|Institution:||University of Michigan|
|Keywords:||membrane protein; cytochrome P450; cytochrome P450 reductase; cytochrome b5; membrane; NMR; Biological Chemistry; Science|
|Full text PDF:||http://hdl.handle.net/2027.42/133298|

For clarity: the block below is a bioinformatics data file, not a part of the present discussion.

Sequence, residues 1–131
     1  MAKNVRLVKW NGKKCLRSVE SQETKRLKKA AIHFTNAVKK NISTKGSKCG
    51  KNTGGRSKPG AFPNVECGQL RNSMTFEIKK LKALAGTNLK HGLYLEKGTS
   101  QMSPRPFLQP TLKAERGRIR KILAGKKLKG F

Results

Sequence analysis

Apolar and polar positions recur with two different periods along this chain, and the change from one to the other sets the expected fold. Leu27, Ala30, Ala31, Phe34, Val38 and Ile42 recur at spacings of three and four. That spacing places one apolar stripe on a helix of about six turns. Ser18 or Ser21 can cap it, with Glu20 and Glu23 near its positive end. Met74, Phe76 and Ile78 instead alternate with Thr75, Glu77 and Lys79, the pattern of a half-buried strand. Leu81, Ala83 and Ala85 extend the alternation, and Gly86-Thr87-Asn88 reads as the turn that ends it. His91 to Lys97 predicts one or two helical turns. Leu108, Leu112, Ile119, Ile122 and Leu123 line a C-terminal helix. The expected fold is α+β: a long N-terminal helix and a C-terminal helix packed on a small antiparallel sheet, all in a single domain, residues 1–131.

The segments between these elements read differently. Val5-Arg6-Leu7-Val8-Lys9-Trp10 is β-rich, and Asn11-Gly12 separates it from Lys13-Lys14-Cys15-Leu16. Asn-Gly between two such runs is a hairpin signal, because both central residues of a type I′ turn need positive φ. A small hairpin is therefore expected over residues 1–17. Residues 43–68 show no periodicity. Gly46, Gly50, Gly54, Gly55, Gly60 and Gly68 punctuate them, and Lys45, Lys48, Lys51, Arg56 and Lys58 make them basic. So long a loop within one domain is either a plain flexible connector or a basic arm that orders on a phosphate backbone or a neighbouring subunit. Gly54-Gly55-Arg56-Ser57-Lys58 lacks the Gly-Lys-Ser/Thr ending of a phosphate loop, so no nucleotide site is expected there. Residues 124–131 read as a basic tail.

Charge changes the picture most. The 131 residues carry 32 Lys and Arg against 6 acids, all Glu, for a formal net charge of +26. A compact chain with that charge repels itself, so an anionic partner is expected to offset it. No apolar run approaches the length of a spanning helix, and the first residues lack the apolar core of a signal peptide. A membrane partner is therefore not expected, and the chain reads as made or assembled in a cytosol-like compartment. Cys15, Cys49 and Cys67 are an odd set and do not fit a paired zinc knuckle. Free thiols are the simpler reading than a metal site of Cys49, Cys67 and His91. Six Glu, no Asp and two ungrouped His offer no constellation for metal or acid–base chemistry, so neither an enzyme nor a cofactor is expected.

Cytochrome P450s are a ubiquitous superfamily of monooxygenases responsible for the metabolism of thousands of compounds, including steroids, hormones, vitamins, and over 70% of the pharmaceuticals on the current market. They have been found to be related to human diseases including breast cancer and brain cancer. Therefore, it is of great importance to better understand the mechanism of how these enzymes function. In order for cytochrome P450s to complete the catalytic cycle, two electrons are required to be sequentially delivered to cytochrome P450 from its redox partners – cytochrome P450 reductase and cytochrome b5. Mammalian cytochrome P450s and redox partners are membrane bound proteins mostly found on the cytoplasmic side of the endoplasmic reticulum membrane. In order to provide insights into these essential electron-transfer steps, it is important to better understand complex formation between cytochrome P450 and its redox partners. In this thesis, complex formation between cytochrome P450 and cytochrome b5 is investigated under the effect of substrates and membrane. It is found that substrates and lipid bilayer facilitates stronger and more specific binding between the two proteins. Better membrane mimetics are developed in order to provide more physiologically relevant environment for future study on the cytochrome P450 system. A protein-protein complex structure is simulated using a docking program HADDOCK for the FMN binding domain of cytochrome P450 reductase and cytochrome P450. An electron transfer pathway is predicted based on this complex structure. This study provides better understanding on the interaction, binding interface and electron transfer process between the FMN binding domain of cytochrome P450 reductase and cytochrome P450. Substrates are found not to perturb the interaction between these two proteins, but affect the interplay of the three proteins when all of them are present in the same system, unravelling a competitive binding mechanism between cytochrome P450 reductase and cytochrome b5 for binding to cytochrome P450. This result provides structural explanation on the perplexing roles that cytochrome b5 plays in the cytochrome P450 activity and better understanding of substrate modulation on the tertiary protein complex system. Advisors/Committee Members: Ramamoorthy, Ayyalusamy (committee member), Kuroda, Kenichi (committee member), Morris, Michael D. (committee member), Chen, Zhan (committee member).